1. Editor's Note: Spawn Of Wikipedia 2. Today's Top Story - D.C. Law Firm Claims IBM Worker Hacked Its Computers Related Stories: - Phishers Beat Bank's Two-Factor Authentication - U.K. Companies Must Protect Customer Data Even If Outsourced Overseas 3. Breaking News - Microsoft Extends Ancient PCs' Lives - Vendors Hoping The .Mobi Domain Will Help The Mobile Web Not Stink - Judge Dismisses Antitrust Complaint Against Google - 34 States Sue DRAM Companies For Price Fixing - Intel CEO To Staff: Upper Management Layoffs Address 'Slow And Inefficient Decision Making' - Yahoo, Microsoft Test IM Interoperability - Cell Phone Could Prevent DWI (That's Dialing While Intoxicated) - Social Networking Sites For Businesses Set To Take Off - IBM Releases Security Tool To Fight Denial Of Service Attacks, Worms - Review: Intel's Conroe Vs. AMD's Dual-Core Athlon 4. Grab Bag - Stuck Pig (Wired) - Dr. Google Sends Pain Relief (Marketing Pilgrim) - How To Hack A Hybrid (Business 2.0) - A Visionary Seeking To Connect The World, Wirelessly (NY Times - reg. required) 5. In Depth: The OpenDocument Format - Google Joins OpenDocument Format Alliance, Backs Office Standardization - Microsoft To Cooperate In Building Office OpenDocument Support - Delay Sought In Mass. Office Software Implementation - IBM Bets Big On Open Source In Next Release Of Lotus Notes - ISO Approves OpenDocument Format 6. Voice Of Authority - Doing H-1B Math, In Dollars And Sense 7. White Papers - How To Keep The Web Safe And Productive For Your Business 8. Get More Out Of InformationWeek 9. Manage Your Newsletter Subscription
Quote Of The Day: "Whoever undertakes to set himself up as a judge of Truth and Knowledge is shipwrecked by the laughter of the gods." — Albert Einstein
1. Editor's Note: Spawn Of Wikipedia
So can commoners—as the British like to refer to those not of aristocratic birth—be trusted? That's the question that two of the founders of Wikipedia appear to have asked themselves recently. And they seem to have come up with radically different answers.
Jimmy (Jimbo) Wales last week announced a new wiki dedicated to election information. Called Campaigns Wikia, the site—like Wikipedia—invites any and all to participate in an egalitarian online community. In this case, the wiki is intended to foster grass-roots discussion of all things political.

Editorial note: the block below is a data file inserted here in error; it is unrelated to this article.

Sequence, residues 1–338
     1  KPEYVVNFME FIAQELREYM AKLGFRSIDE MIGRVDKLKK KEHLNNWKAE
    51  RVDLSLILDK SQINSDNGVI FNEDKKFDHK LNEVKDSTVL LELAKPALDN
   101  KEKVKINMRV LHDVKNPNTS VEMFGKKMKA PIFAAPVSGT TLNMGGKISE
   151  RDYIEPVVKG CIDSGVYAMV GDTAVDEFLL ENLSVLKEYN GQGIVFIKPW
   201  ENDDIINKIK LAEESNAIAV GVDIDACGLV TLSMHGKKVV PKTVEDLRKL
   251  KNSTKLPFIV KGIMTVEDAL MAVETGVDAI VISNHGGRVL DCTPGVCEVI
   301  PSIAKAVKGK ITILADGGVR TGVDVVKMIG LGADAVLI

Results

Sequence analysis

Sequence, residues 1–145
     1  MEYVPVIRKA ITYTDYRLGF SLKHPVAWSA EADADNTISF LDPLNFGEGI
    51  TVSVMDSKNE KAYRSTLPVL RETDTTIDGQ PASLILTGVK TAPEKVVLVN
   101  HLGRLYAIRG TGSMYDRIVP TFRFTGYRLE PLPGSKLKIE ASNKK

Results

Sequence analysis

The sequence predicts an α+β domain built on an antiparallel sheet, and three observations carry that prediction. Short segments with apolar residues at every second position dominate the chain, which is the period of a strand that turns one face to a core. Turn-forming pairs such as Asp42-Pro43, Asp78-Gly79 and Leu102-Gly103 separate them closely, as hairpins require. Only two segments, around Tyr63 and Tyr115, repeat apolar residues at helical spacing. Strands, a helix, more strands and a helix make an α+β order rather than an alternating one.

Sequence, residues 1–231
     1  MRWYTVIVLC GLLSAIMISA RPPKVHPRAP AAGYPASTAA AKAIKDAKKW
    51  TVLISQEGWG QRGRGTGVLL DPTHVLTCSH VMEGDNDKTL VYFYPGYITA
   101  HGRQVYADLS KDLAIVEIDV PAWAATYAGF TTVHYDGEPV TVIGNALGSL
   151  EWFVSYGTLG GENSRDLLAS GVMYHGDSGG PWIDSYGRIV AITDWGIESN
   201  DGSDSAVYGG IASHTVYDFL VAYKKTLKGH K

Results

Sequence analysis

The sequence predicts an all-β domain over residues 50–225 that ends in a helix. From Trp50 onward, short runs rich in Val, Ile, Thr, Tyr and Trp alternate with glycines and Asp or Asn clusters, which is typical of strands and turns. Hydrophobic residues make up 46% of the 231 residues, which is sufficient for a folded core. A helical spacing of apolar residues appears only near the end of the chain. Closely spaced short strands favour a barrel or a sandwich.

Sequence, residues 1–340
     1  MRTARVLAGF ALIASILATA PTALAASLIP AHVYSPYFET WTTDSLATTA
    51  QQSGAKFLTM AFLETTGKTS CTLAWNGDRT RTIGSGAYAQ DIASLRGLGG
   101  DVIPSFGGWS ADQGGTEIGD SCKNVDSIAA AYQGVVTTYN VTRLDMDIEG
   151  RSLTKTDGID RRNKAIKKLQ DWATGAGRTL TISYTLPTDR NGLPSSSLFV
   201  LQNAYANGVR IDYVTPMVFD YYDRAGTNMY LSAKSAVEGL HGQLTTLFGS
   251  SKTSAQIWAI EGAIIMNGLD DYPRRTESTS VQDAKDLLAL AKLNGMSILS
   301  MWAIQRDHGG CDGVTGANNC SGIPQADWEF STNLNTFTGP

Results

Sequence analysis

On the other hand, Larry Sanger in late May unveiled the beta version of Digital Universe, which is, in effect, a portfolio of portals leading to expert-approved content—in particular, specialized encyclopedias compiled by acknowledged authorities in various fields. Expert is the key word here. Sanger has apparently turned his back on the wide-open philosophy of Wikipedia.
Indeed, Sanger made his opinion of the weaknesses of Wikipedia known more than a year ago in a widely disseminated article titled "Why Wikipedia Must Jettison Its Anti-Elitism." In it, Sanger pointed to two serious problems plaguing his former pet project: the public perception of Wikipedia as a flawed reference guide, and the presence of "difficult people, trolls, and their enablers."
Wikipedia is, of course, either glorious or notorious—depending on your perspective—as the Web encyclopedia that's editorially open to anyone with an Internet connection. That includes experts possessing relevant facts about a topic, but also unqualified contributors who post erroneous information, or—worse—are attempting to advance an agenda.
Events that have called the accuracy and trustworthiness of Wikipedia into question include a hoax entry reporting that John Seigenthaler, a respected journalist and former aide to Robert Kennedy, had a role in the assassinations of Robert and John Kennedy; and anonymous deletions of references to the accomplishments of pioneers in the podcasting arena by fellow podcasting innovator Adam Curry. (After being outed, Curry apologized profusely.)
There are even a number of watchdog Web sites—most notably, Wikitruth and Wikipedia Review—that are dedicated to scrutinizing Wikipedia and reporting on its flaws.
To be fair, Wikipedia has tightened rules for postings on controversial topics. And it has established an Arbitration Committee that has the power to oust the more dubious members of the community.
But this didn't prevent this month's enormous brouhaha over an...evolving...Wikipedia entry about Ken Lay's death. Among other things, Wikipedia contributors first reported Lay's death as a suicide, then began wildly hypothesizing about the cause of death. The mainstream press gleefully picked this up, pointing to it as an example of the central flaw of the Wikipedia concept.
So what's the right approach? The populist or the elitist? Granted, a political forum is quite different from a knowledge-based portal. The former is actually soliciting passionate differing opinions, while the latter seeks to establish authority and credibility (albeit while still maintaining a collaborative culture).